The U.S. Golf Association has a brewing revolt on its hands. When it announced in November a proposal to ban anchored putting, effective in 2016, there was predictably a lot of grumbling. "Over my dead body!" was the sentiment of many practitioners, among them former yippers and golfers with bad backs, who have grown dependent on the anchored stroke and the long belly or broomstick putters that go with it.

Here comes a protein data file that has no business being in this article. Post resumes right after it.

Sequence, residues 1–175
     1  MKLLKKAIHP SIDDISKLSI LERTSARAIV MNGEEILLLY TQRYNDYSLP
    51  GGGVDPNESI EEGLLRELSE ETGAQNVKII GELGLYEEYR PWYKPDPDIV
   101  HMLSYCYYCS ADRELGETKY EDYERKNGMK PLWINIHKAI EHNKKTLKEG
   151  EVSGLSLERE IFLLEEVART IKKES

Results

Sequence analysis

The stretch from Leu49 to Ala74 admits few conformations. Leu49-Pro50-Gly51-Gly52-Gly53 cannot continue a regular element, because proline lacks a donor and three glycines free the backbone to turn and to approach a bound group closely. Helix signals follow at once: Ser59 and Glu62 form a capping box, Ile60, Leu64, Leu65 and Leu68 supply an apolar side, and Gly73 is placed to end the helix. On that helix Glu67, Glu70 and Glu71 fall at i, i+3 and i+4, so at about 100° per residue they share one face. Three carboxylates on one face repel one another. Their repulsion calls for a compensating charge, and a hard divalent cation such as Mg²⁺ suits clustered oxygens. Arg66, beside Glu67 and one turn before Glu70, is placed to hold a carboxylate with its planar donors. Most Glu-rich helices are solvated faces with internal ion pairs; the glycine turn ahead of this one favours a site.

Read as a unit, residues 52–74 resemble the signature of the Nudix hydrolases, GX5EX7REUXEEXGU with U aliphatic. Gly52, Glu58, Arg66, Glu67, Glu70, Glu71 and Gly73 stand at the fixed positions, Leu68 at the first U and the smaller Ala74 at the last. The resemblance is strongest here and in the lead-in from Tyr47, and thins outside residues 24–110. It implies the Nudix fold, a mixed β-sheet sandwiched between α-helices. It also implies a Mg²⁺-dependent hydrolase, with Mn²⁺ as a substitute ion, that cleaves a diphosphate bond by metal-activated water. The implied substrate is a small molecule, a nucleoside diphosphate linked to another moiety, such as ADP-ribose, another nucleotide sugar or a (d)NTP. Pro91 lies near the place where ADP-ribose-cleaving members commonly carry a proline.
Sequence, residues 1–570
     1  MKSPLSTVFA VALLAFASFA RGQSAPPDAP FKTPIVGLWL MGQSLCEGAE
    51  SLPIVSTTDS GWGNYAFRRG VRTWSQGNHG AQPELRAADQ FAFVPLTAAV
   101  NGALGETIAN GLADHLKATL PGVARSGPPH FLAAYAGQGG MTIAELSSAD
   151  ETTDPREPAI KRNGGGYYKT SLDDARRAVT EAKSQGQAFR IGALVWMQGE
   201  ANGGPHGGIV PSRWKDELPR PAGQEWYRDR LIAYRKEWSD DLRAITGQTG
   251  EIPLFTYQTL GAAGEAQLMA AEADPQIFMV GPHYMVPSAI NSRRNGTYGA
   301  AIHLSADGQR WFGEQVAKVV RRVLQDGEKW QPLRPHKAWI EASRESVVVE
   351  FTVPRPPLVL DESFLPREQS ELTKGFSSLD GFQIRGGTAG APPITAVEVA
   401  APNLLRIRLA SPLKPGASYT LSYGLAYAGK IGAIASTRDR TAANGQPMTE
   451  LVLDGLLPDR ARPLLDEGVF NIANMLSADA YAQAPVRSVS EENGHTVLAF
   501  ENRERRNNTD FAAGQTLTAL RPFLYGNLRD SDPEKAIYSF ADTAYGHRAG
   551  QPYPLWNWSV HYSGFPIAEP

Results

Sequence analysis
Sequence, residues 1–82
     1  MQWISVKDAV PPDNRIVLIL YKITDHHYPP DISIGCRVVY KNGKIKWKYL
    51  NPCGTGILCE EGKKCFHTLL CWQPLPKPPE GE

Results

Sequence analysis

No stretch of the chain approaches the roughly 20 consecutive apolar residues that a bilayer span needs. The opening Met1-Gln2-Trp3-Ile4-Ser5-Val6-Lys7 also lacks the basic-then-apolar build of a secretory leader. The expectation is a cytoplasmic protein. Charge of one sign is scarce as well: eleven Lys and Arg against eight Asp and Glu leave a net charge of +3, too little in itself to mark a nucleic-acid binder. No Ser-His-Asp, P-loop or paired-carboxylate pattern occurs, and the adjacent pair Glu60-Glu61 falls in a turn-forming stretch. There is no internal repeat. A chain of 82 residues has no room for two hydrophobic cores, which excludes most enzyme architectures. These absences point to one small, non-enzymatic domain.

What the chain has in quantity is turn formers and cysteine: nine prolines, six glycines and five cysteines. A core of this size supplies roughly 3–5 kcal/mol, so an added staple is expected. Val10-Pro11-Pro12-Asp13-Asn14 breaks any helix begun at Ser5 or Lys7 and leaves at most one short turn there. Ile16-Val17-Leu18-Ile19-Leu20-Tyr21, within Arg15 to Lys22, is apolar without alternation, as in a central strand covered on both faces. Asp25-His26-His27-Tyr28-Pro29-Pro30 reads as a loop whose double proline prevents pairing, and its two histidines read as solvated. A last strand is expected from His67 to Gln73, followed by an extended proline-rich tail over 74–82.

In the last few weeks, as the USGA's three-month comment period about the proposal winds toward its Feb. 28 conclusion, that grumbling has become more full-throated. Mark King, the chief executive of equipment maker TaylorMade, called the ban "idiotic" and predicted that the USGA could be "obsolete" within five years. PGA Tour Commissioner Tim Finchem has talked openly for the first time about the possibility of bifurcation, or two sets of rules in golf, one for recreational players and another for the pros.